In order to figure out what fair value you ought to pay for a stock, you need to know four things: the current profits, the number of shares outstanding, the capitalization rate, and the expected growth rate. You already know two of those things: the current profits and the number of shares outstanding. In other words, the value of any security comes down to figuring out the relationship between the capitalization rate and the expected growth rate.

Let’s imagine then, if you are familiar with Coca-Cola’s history of dividend growth dating back to 1963, know that it sells over 10,000 products per second in over 200 countries, and derive some solace from the fact that the most famous investor in the world has made a lot of money owning Coca-Cola for the long term. But even though overpaying for great assets can eventually work itself out over an extremely long holding period, you still want to follow Benjamin Graham’s advice to go through life without overpaying for an asset.

What do you do? You take the current profits, and then divide that figure by the capitalization rate – growth rate. The difficulty of investing is trying to get the capitalization rate and growth rate right because it is more art than science.

When calculating the capitalization rate, you ask yourself the question: If there were no growth from the business, and the business instead chose to pay out all earnings to me instead of doing anything that would grow the earnings per share, how much income would I demand from the stock on annual basis? Because this is a fiction that involves a no-growth universe, investors tend to look to the historical returns of 12% on cost to arrive at the initial capitalization rate. This assumption assumes that rational investors, in times of ordinary interest rates, insist on $120,000 in cash for every $1,000,000 they deploy into a no-growth business. As a result, 12% gets treated as a rebuttable presumption in capitalization rate analysis.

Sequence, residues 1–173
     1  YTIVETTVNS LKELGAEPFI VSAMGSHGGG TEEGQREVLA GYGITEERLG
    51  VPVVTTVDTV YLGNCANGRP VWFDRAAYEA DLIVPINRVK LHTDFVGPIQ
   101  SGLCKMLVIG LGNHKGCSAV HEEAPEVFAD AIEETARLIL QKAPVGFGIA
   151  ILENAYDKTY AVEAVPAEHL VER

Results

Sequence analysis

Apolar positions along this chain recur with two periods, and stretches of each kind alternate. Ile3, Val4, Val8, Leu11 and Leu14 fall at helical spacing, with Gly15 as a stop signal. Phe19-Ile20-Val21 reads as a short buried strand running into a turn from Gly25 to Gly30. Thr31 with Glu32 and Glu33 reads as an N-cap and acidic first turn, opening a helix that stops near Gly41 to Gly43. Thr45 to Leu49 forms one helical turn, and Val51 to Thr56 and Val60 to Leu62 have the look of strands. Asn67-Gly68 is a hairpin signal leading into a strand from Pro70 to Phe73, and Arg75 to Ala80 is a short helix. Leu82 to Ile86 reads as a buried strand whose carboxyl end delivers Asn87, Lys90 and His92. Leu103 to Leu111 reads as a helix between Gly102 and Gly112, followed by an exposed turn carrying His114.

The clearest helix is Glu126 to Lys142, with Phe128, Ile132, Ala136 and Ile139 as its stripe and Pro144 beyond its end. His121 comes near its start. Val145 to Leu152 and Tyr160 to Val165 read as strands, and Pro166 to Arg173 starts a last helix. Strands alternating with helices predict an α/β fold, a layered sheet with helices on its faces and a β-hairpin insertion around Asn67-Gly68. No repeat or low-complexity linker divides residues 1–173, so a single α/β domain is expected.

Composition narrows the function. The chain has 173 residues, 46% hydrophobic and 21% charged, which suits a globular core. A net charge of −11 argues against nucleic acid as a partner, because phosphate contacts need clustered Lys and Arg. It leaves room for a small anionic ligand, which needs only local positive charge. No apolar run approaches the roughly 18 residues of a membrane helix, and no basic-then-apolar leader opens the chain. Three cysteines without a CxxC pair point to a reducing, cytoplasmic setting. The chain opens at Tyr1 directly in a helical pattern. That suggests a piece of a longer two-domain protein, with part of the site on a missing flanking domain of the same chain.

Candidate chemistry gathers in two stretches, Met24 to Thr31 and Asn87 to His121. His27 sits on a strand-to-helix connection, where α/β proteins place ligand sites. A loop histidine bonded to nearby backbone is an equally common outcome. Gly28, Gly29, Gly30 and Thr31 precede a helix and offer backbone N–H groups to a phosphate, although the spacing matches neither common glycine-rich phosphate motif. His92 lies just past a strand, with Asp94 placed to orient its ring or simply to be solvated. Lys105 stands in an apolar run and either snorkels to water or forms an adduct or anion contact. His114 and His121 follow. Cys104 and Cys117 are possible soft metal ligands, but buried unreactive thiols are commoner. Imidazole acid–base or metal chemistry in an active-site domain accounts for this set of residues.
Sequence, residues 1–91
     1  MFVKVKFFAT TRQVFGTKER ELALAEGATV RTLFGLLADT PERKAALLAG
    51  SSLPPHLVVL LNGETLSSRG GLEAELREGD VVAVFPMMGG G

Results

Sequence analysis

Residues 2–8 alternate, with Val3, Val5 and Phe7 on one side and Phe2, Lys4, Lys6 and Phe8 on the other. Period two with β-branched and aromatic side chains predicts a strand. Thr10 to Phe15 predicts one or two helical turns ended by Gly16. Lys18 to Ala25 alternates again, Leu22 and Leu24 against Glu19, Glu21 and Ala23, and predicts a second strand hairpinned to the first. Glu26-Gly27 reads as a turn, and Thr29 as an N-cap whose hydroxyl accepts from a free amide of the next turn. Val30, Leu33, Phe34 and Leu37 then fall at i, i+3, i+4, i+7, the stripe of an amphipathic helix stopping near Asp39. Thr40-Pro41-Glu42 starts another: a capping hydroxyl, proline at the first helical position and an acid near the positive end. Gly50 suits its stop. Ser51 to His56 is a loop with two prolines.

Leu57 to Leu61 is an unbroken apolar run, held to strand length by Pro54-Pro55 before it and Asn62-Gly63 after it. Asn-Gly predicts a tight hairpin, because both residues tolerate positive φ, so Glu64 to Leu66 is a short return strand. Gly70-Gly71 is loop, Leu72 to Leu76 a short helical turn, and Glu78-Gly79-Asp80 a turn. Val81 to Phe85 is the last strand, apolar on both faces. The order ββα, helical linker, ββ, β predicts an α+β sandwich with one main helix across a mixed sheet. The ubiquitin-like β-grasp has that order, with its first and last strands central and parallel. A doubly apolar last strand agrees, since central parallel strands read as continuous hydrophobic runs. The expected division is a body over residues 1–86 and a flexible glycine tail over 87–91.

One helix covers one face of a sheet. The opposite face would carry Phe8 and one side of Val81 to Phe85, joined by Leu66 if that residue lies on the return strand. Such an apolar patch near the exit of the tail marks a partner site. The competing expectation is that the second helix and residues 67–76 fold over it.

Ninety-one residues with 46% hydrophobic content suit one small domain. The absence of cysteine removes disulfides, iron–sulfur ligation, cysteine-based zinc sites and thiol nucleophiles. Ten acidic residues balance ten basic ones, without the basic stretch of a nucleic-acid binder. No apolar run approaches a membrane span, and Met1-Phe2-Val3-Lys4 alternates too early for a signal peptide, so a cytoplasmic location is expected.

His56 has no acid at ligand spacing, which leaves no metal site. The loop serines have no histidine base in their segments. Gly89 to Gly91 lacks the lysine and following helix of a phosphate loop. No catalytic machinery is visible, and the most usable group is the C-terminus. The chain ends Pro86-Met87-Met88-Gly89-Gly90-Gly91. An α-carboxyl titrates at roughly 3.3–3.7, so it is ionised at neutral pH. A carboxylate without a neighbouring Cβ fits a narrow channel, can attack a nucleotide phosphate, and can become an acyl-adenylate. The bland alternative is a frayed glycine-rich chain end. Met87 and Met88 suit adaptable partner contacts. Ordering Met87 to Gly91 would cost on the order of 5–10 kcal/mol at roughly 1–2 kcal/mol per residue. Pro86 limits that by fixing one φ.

Then, the next thing you do is figure out the weighted average of expected growth rates. You ask yourself what the best case, moderate case, and worst-case returns for earnings per share growth might be.

You might look at the lowest analyst predictions and figure there is a 25% of 5% annual earnings per share growth happening. You might look at the ten-year track record of 8% earnings growth and conclude there is a 50-50 chance of that happening (50%). And, if you look at the strong dollar and figure that Coca-Cola has a 25% chance of exceeding expectations due to a weakening dollar and strong operational performance, you might figure there is a 25% that the company will grow earnings at 11%. This gives you an expected growth rate of 8%.

Now, you have the numbers you need to figure out the per share price that reflects the value of Coca-Cola. If we had to represent it as an equation, it would be V= P/ (C-G). P refers to current profits, C is the capitalization rate, and G is the growth rate. The P at Coca-Cola is $8.6 billion in profits per year. The C is the 12% capitalization rate we presume. The G is the 8% growth we just calculated. And V is the overall value of Coca-Cola stock.